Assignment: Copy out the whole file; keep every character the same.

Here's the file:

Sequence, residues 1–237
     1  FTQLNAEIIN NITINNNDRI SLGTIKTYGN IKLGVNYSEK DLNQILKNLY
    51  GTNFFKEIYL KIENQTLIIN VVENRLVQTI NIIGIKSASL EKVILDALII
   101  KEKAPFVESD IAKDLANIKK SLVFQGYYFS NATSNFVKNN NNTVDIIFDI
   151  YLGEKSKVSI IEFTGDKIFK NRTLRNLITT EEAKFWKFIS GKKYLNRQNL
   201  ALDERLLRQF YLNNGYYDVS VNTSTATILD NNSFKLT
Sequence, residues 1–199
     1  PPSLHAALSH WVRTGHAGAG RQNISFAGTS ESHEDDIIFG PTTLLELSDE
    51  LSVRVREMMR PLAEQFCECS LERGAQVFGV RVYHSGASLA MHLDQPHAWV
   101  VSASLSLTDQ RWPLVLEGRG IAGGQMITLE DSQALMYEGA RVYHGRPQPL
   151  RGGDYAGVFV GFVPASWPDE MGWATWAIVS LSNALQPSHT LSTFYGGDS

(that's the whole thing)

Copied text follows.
Sequence, residues 1–237
     1  FTQLNAEIIN NITINNNDRI SLGTIKTYGN IKLGVNYSEK DLNQILKNLY
    51  GTNFFKEIYL KIENQTLIIN VVENRLVQTI NIIGIKSASL EKVILDALII
   101  KEKAPFVESD IAKDLANIKK SLVFQGYYFS NATSNFVKNN NNTVDIIFDI
   151  YLGEKSKVSI IEFTGDKIFK NRTLRNLITT EEAKFWKFIS GKKYLNRQNL
   201  ALDERLLRQF YLNNGYYDVS VNTSTATILD NNSFKLT
Sequence, residues 1–199
     1  PPSLHAALSH WVRTGHAGAG RQNISFAGTS ESHEDDIIFG PTTLLELSDE
    51  LSVRVREMMR PLAEQFCECS LERGAQVFGV RVYHSGASLA MHLDQPHAWV
   101  VSASLSLTDQ RWPLVLEGRG IAGGQMITLE DSQALMYEGA RVYHGRPQPL
   151  RGGDYAGVFV GFVPASWPDE MGWATWAIVS LSNALQPSHT LSTFYGGDS